Copying the Harlem Children's Zone in DC

As Obama's Promise Neighborhood idea gains ground, a local leader shares the trials and triumphs.

Irasema Salcido, Cesar Chavez Public Schools founder (Chronicle of Philanthropy)

Since the 2008 campaign trail, President Obama has talked about his vision to replicate Harlem Children's Zones around the country. The successful program, run by educator and activist Geoffrey Canada, takes a holistic approach to educating students in a 97-block area of Harlem, N.Y., by providing charter schools, prekindergarten programs, parenting workshops and weekend community centers. Widely hailed as a slam dunk, the program has not only helped student math and English scores rise but actually eliminated the racial achievement gap between its black students and New York City's average for white students.

In 2010 the president's ambitious vision began to take shape when the Department of Education launched the $10 million Promise Neighborhoods grant program, allowing cities to jump-start their own neighborhood interventions and hopefully change the odds for their kids.

Out of more than 300 applicants for the first round of grants (a $30 million Round 2 was announced this year), 21 winners emerged last December. Among the recipients was Washington, D.C.'s Parkside-Kenilworth -- a mostly African-American neighborhood struggling with poverty, unemployment, crime and failing schools -- which won $500,000 for its proposal of a continuous academic, medical and social support program for its families. Their project is called the D.C. Promise Neighborhood Initiative (DCPNI).

Spearheaded by Irasema Salcido (pictured), founder of the city's four Cesar Chavez Public Schools for Public Policy (which include both a middle school and high school in Parkside-Kenilworth), the effort is also rooted in the neighborhood's two traditional public elementary schools, as well as partnerships with 70 nonprofits, businesses, churches and foundations. Groups that have signed on to help include the Urban Institute, a research group that collects data on Washington neighborhoods; Microsoft; and Georgetown University.

So far DCPNI has launched mobile medical units at its schools, ground breaking on a new early-childhood center, year-round tutoring programs, a legal-advice clinic and monthly community dinners. Residents are collectively developing a parenting-workshop curriculum, data-collection tools and ways to further strengthen the pipeline connecting every aspect of the community, from recreational centers to social workers to its four schools.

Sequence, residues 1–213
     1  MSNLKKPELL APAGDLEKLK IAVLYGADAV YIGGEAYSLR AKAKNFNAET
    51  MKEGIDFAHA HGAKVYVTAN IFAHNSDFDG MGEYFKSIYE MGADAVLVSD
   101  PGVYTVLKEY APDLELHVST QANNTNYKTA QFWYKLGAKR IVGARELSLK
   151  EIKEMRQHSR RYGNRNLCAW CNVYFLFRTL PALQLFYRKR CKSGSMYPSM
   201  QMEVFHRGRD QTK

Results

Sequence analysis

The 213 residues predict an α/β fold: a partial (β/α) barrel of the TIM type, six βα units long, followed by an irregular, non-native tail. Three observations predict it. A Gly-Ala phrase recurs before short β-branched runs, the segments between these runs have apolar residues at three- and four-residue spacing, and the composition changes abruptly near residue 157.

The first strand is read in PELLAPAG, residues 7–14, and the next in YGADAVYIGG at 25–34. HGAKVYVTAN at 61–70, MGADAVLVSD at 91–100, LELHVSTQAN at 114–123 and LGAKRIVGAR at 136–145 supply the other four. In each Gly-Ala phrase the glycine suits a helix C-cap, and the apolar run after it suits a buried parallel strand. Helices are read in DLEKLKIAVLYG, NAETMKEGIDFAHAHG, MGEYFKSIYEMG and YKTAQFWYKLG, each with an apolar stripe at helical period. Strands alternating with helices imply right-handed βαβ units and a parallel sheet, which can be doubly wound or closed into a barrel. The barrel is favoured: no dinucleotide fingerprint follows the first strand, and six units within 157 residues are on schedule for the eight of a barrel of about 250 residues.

Community activist J. Gregory Rhett, 53, is responsible for getting residents involved in D.C.'s Promise Neighborhood. He spoke with The Root about measuring success, how the program is bridging the divide between charter and traditional public schools and why, although Education Department funding is nice, the program has no interest in "continual feeding from the federal trough."

The Root: Why do you think it's important to address social and economic issues in your approach to education? Shouldn't the schools just focus on being good schools?

J. Gregory Rhett: That's the long-term goal, for our children to have everything they need. That is the dream of every teacher and principal -- then all they'd have to do is teach them! In the meantime, we have to pull in as partners the recreation department, police department, social services providers and everybody that touches any aspect of a child's life. We have to look at helping to improve the environment so that instead of dealing with so many of these outside factors, the child can focus on their academics.

We can't just narrowly focus on what resources a student has in class. We've been there, done that, and it doesn't work. So let's try something different. President Obama has invested federal funding to spur creativity and innovation at the neighborhood level and is letting that work its way up. That's a change from the old days, when an agency would come in with its own concept to implement from the top down.

TR: The Cesar Chavez charter school took the lead in the grant application -- how did you ensure that officials and parents from the traditional neighborhood schools didn't feel edged out?